A recount of my Vegas-inspired epiphany and how TV panel recruitment is giving Innovate the edge.
LOS ANGELES, November 7, 2015 — A few years ago, while I was still running uSamp, I arrived in New Orleans for a sample conference. It was a hot and oppressively muggy day. My colleagues and I were eager to get to the opening event so we piled into the first cab we saw. The cabbie was a friendly man with a strong NOLA accent, “What are ya’ll in town for?” he asked. My business partner Matt replied, “We’re here for a Market Research conference.” I glanced over at Matt expecting him to go into his normal spiel – the part where he explains WHAT Market Research is. Let’s face it, when you work in Market Research, you often need to explain in detail what you do for a living. Otherwise, people will be quick to label you as the dodgy dude in the mall. You know the one: armed with a clipboard and a desperate look. Before Matt could delve into his typical talk track, the cabbie quickly interrupted and said, “Oh… I love Market Research!” We all looked at each other in amazement and gave a collective smirk to the cabbie because this never happens!
“So you love Market Research, huh?” I said. The cabbie retorted jovially, “Yes, I take surveys allllll the time. I belong to more panels than I can remember man – maybe twenty.” The newfound excitement I was feeling for this kindred spirit in the front seat quickly dissipated. “Twenty panels?” I said. “Yes sir, I tell them what they want to hear and they give me all sorts of cash. In fact, I’m waiting on some cash for a survey I took months ago. Maybe you guys can help me out? I answered ‘yes’ to everything, so I deserve my money!”
All I could think was… “Holy s#@!” As a sample veteran who built one of the first online panels of its kind, I was completely horrified by our cabbie’s confession and yet reminded that sample professionals are facing a very real problem. Our pond is small and we are all casting a line into the same pool of motionless water. Needless to say, the cabbie went through a long list of panel names and I was able to put him in touch with the appropriate company.
As I sat in the cab, I was reminded of another conference I attended in Vegas, ‘CASRO Online’ back in 2012. Some of you reading this blog may recall a “Panel of Panelists.” This was a particularly memorable session at the conference. I sat in the audience silently panicking as nearly a dozen REAL panelists from a variety of panels got up on stage to share their reflections of market research. Just like my cabbie friend, these panelists shared some unsavory news. The vast majority of these people belonged to several panels. One respondent in the discussion started condemning SPECIFIC panels. My worst nightmare was becoming a reality – he was attacking panel after panel by NAME, in front of my clients. I feared for the worst, thinking he would throw my panel under the figurative bus. I held my breath. I could feel my palms getting sweaty; I scanned the room. What I saw was a sea of desperate faces, hung-over from last night’s Vegas festivities, all quietly praying to themselves in an imaginary fetal position.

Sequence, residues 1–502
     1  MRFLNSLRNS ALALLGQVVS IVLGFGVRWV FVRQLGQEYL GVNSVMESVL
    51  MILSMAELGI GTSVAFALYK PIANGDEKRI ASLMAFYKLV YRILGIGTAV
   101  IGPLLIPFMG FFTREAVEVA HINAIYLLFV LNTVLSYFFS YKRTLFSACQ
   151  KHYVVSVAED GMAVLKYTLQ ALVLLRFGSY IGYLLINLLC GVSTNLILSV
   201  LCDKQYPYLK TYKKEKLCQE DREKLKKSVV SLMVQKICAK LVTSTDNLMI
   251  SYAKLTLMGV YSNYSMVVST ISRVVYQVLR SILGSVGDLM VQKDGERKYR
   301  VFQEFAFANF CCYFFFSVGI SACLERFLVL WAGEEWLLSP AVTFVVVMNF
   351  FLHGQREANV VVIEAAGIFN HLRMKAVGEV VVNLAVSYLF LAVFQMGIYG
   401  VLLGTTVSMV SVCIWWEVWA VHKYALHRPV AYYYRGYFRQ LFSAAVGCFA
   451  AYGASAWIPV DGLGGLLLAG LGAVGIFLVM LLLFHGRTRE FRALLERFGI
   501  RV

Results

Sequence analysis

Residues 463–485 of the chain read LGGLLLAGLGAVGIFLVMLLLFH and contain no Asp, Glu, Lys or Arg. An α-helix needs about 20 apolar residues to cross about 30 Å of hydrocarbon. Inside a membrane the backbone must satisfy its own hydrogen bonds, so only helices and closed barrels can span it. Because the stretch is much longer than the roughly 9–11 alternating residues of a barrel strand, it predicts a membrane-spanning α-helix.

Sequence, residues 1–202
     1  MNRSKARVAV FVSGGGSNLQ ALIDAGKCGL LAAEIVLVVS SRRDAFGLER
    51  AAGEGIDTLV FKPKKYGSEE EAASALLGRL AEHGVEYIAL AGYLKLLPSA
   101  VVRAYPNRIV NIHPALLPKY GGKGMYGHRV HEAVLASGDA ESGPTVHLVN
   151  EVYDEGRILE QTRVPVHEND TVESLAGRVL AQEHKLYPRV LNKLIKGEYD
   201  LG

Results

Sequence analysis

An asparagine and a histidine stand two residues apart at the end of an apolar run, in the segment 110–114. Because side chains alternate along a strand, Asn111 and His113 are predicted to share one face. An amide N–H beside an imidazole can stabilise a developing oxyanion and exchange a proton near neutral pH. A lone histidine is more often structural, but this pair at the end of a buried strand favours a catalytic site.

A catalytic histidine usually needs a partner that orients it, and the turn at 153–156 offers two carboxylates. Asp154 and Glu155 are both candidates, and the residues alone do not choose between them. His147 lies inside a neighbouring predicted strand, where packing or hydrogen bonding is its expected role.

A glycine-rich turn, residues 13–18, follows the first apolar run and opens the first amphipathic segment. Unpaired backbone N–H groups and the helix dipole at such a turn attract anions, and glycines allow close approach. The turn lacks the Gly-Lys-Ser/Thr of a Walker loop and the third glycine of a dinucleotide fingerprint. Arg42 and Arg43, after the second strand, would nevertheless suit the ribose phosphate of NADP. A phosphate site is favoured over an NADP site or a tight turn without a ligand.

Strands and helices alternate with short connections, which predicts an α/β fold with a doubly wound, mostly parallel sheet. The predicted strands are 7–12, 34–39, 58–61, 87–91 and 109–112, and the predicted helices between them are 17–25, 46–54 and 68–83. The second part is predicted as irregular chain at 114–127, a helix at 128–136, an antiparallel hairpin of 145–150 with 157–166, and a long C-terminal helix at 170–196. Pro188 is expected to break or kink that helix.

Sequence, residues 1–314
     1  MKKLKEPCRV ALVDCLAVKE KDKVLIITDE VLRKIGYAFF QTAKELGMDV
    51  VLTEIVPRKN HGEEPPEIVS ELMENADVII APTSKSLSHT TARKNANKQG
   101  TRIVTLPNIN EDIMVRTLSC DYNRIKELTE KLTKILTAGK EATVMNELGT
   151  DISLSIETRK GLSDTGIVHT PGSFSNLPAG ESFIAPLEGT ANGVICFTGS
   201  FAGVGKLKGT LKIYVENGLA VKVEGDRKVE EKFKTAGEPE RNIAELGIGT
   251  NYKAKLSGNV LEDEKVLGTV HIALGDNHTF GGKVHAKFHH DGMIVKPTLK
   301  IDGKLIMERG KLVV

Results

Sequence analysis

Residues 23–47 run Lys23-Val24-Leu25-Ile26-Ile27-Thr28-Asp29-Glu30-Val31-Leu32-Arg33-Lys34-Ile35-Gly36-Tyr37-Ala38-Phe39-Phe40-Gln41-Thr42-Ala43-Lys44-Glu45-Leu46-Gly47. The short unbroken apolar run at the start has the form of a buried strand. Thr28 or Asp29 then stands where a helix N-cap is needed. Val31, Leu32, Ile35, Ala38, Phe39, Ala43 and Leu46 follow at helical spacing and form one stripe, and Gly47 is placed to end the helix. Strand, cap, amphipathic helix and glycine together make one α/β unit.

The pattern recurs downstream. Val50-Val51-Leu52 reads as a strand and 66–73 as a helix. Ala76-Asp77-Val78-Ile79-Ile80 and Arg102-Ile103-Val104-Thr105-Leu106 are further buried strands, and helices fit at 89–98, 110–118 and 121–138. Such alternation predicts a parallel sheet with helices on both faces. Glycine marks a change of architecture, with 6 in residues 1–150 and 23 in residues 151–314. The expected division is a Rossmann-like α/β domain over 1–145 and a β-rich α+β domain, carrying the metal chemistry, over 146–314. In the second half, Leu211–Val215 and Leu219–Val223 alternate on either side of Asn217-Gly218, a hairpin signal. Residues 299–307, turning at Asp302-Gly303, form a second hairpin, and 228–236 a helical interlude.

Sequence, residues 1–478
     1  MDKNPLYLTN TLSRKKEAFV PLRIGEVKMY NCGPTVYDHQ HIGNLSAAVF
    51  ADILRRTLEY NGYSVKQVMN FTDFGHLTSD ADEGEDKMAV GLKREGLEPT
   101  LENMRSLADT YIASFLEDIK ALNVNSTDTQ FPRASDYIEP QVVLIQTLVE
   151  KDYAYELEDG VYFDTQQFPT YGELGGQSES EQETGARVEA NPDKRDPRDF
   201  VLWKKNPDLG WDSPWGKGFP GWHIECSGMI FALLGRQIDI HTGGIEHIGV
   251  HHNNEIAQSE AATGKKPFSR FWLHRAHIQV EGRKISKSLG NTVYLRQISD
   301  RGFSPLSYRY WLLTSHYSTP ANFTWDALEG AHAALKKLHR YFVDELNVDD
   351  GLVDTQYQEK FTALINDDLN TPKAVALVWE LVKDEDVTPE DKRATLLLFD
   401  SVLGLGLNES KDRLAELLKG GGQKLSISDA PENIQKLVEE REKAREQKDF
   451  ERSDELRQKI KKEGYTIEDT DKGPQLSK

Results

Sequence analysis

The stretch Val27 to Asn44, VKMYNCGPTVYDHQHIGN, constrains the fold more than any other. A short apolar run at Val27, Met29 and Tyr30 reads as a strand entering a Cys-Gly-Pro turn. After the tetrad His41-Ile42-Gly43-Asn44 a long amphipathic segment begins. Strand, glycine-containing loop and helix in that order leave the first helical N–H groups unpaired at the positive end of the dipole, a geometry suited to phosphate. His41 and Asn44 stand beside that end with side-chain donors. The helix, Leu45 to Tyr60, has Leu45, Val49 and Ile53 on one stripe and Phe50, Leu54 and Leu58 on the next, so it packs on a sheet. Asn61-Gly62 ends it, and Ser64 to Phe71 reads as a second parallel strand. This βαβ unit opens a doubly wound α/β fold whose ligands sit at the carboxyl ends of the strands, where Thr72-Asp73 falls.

Thankfully, I was spared that day in Vegas; the respondent on stage did not gripe about my panel. Others were not so lucky. Something happened to me in that moment though. I guess you could say I had an epiphany. I had to get back to the office and make some serious changes to our sourcing strategy. Sure, we used digital fingerprinting to mitigate the risk of duplicates just like the next panel company, but I was riddled with worry that my panel would soon lose its edge, that my value proposition to buyers would be diminished by the over-saturation of new panels surfacing every year.
Back in LA a day later, I met with my team and we locked ourselves in the conference room vowing not to come out until we found a solution to this alarming trend. “What if we recruit some of our panel offline?” I asked the group. “We could develop a TV commercial and drive new members to our website. We live down the street from Hollywood!” At the time, my team thought I had lost my marbles. We are sample experts not TV producers. Luckily, I’ve made some incredible contacts in the media and entertainment industries - before long we were developing a clever script for our first TV commercial and we had assembled an amazing team of media experts to help us. The plan was to produce a Spanish language commercial and air this on major networks such as Univision and Telemundo. It was an expensive endeavor; that I can tell you. My team and I made mistakes. We overpaid for TV spots. We misjudged timing and production costs, but I have never regretted my journey into TV recruitment. Why? Uniqueness and panel diversity is a prize that few enjoy in this space. Sure, it was a painful process of trial and error, but the rewards cannot be measured.